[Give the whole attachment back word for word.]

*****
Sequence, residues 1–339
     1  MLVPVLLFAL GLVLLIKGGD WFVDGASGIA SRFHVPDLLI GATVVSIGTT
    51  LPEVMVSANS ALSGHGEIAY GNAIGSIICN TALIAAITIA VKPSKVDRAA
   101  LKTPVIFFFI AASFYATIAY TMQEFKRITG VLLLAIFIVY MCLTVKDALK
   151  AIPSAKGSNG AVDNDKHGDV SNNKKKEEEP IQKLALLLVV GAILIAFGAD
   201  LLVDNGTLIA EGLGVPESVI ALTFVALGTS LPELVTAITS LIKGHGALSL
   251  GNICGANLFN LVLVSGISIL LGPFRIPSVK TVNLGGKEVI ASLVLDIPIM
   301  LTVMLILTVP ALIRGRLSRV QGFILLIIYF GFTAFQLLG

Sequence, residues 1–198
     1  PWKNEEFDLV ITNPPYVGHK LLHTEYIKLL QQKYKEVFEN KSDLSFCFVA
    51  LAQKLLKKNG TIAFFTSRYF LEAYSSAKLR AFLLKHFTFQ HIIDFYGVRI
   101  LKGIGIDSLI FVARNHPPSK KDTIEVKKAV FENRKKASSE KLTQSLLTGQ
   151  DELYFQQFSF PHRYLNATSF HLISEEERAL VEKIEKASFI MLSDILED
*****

Sequence, residues 1–339
     1  MLVPVLLFAL GLVLLIKGGD WFVDGASGIA SRFHVPDLLI GATVVSIGTT
    51  LPEVMVSANS ALSGHGEIAY GNAIGSIICN TALIAAITIA VKPSKVDRAA
   101  LKTPVIFFFI AASFYATIAY TMQEFKRITG VLLLAIFIVY MCLTVKDALK
   151  AIPSAKGSNG AVDNDKHGDV SNNKKKEEEP IQKLALLLVV GAILIAFGAD
   201  LLVDNGTLIA EGLGVPESVI ALTFVALGTS LPELVTAITS LIKGHGALSL
   251  GNICGANLFN LVLVSGISIL LGPFRIPSVK TVNLGGKEVI ASLVLDIPIM
   301  LTVMLILTVP ALIRGRLSRV QGFILLIIYF GFTAFQLLG

Sequence, residues 1–198
     1  PWKNEEFDLV ITNPPYVGHK LLHTEYIKLL QQKYKEVFEN KSDLSFCFVA
    51  LAQKLLKKNG TIAFFTSRYF LEAYSSAKLR AFLLKHFTFQ HIIDFYGVRI
   101  LKGIGIDSLI FVARNHPPSK KDTIEVKKAV FENRKKASSE KLTQSLLTGQ
   151  DELYFQQFSF PHRYLNATSF HLISEEERAL VEKIEKASFI MLSDILED